UDEC group president, believing education is a corporate responsibility
Fifty-year-old Ahmet Azmi Zirh is from the ancient Black Sea coastal city of Trabzon, formerly known as Trebizond, in northeastern Turkey. Every summer “…from the age of 10, I used to work on the beaches – from polishing shoes to selling soft drinks. I didn’t lack money – my parents were not poor – it is just that I wanted to have my own spending money.” Ten minutes with Ahmet, in his tastefully furnished office, I felt at ease with his charmingly infectious laughter and his self assurance – devoid of any arrogance or boasting.
Ahmet has a Masters degree in architecture and has been in Kyiv now for three years – as president of the rapidly growing UDEC group. “We have been a player in the global market for 28 years and moved into the Ukrainian market in 2004. Currently we have 14 companies in Ukraine – from telecommunications to construction to real estate – and employ 1500 personnel.” Ahmet and his general manager, who took on the role of translator, did their best to elucidate me on the multi-faceted aspects and activities of UDEC group, but all to no avail, since I have no head for engineering or rocket science. So, sipping on the aromatic cup of tea offered to me, I suggested that we get back to ‘terra firma’ and talk about simple things like Ahmet’s life in Kyiv; his vision about the company he heads and his appreciation and fears – if any – of Ukraine.
Ahmet, leaning back in his chair, gave out another one of his bellowing but endearing laughs and said: “My children are still at university. So, though I have been here three years, I have not been able to bring my family over to Kyiv. But every opportunity I get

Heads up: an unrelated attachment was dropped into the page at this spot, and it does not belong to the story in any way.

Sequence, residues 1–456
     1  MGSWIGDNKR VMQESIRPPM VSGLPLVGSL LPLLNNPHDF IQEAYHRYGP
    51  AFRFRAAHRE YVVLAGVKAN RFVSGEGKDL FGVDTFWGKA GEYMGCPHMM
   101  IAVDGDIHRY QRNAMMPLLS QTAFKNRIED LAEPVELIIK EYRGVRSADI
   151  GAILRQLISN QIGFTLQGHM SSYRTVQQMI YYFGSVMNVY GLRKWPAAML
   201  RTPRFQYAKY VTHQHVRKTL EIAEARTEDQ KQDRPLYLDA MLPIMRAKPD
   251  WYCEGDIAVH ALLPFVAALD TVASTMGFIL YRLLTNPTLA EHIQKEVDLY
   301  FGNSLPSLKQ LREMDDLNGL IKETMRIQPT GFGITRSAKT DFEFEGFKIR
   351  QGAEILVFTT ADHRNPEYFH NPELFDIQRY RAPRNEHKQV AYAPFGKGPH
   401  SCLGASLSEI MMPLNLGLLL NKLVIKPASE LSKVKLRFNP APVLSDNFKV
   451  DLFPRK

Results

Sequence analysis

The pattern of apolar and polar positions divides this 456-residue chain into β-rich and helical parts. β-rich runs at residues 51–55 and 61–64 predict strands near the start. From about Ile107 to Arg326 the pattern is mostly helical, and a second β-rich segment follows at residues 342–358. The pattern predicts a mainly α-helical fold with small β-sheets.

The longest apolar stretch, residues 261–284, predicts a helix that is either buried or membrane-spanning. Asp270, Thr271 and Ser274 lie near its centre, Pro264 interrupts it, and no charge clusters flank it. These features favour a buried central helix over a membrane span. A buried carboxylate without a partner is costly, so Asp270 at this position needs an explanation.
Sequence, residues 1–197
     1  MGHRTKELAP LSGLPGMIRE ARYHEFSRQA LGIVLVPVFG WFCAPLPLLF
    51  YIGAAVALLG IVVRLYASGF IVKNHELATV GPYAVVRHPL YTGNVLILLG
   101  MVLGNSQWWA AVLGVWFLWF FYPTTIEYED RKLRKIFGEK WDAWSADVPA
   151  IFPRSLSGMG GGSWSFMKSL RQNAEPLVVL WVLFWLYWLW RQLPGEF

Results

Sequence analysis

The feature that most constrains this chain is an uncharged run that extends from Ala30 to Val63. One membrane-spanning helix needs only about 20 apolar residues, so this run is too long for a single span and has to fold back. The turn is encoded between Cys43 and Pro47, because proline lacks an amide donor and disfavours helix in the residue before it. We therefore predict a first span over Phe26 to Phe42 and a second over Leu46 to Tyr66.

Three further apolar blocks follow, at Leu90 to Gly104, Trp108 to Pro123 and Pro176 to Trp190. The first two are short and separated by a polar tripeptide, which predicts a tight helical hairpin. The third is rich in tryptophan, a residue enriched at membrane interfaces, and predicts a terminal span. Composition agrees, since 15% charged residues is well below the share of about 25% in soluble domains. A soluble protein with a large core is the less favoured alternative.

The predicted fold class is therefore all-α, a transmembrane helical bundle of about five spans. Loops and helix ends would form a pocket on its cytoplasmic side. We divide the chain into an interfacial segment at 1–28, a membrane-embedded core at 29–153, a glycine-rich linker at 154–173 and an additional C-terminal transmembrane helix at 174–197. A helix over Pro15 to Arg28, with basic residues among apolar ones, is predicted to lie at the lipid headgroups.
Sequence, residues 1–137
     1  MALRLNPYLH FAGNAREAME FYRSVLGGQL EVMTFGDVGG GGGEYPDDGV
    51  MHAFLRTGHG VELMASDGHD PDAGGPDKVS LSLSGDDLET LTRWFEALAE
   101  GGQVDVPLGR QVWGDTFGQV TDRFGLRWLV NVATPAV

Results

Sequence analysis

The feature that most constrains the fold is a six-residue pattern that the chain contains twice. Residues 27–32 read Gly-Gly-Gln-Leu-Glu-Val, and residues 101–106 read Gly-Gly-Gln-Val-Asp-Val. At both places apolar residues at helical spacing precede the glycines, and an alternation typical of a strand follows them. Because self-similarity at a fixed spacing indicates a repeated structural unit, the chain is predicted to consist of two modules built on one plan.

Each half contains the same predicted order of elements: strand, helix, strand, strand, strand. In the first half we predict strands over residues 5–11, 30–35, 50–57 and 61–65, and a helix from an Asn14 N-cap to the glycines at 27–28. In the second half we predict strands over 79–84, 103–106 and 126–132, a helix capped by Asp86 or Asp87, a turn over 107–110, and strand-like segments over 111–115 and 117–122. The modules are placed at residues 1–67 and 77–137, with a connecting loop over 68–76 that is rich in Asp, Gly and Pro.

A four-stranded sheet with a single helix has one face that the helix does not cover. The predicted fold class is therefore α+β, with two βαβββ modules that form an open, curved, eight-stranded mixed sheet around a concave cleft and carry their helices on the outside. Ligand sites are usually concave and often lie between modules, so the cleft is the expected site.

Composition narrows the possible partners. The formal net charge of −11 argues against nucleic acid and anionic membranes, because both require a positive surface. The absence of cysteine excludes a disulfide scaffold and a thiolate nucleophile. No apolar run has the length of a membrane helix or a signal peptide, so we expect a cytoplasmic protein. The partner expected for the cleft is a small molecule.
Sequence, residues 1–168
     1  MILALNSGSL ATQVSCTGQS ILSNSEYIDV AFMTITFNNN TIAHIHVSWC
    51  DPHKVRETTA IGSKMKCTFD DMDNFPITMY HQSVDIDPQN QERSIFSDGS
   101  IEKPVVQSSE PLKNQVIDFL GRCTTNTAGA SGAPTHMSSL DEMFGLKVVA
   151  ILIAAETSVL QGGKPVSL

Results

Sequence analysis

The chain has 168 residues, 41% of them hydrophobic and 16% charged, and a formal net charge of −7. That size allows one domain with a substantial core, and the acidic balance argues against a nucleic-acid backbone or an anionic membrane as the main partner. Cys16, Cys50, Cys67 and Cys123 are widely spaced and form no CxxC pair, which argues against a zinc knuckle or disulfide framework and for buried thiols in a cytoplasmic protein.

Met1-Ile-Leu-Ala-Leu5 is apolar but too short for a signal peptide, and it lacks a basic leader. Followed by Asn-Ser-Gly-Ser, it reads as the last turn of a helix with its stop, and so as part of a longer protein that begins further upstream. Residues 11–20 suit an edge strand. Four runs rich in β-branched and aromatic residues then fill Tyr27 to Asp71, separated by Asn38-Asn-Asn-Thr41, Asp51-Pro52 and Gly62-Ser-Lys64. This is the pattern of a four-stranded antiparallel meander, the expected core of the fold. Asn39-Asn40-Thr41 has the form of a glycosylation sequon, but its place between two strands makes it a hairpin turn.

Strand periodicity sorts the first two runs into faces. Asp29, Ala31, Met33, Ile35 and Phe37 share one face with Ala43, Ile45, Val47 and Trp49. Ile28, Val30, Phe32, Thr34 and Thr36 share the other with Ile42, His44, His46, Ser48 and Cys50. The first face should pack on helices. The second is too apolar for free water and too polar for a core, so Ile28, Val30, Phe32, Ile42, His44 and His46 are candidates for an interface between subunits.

, weekends mostly, I fly over to Istanbul and spend it with them. As to my vision about the company I head, I want us to become a national leader in the GSM sphere – built on customer satisfaction and ever-improving quality. I also want, sooner or later, that we become leaders in the booming real estate sector.” That last statement took our conversation, just for a little while, to investor’s woes – risks, red tape, lack of transparency, etc. – when it comes to that unusually reactive sector, but we both agreed that this Word with… feature is not the right platform for that subject.
“My appreciation of Ukraine is naturally for the country’s immense potential and its great wealth of educated people. Having said that, I must also point out that in certain areas the education tends to be too theory oriented. That is where we can step in and offer practical training. We already have a student program whereby we give out 500 scholarships to talented students from all over Ukraine. We also encourage students to take up part-time jobs with us so that they can not only acquire practical knowledge but also can earn some money. In that sense we are also functioning as a university. I am a strong believer and advocate of corporate responsibility in the education sector.”
Ahmet is also quite candid about Ukrainian employees attitude toward corporate loyalty. “They still haven’t assimilated or even understood what that means. There is a long way to go. But slowly the desired and needed professionalism is seeping into existing companies and the newcomers are only too ready to embrace it.”
Knowing that his group is also involved in the construction of residential as well as office complexes, I raised a pet theme of mine: the abominable lack of any facilities catering to the needs of handicapped people – especially the ones in wheelchairs. “True. I agree with you. We try, all the time, to incorporate those requirements into our projects. But we can’t fight it all by ourselves. Those requirements must become government policies. It is up to the municipal authorities and politicians to pass the required laws and enforce them and implement them.”
Later into our conversation, Ahmet told me that some years back he personally founded a center for handicapped children in Turkey. He also told me that the center now houses 150 children and that all their needs are fully taken care of. Bravo, I thought, and shook his hand with utmost sincerity and warmth.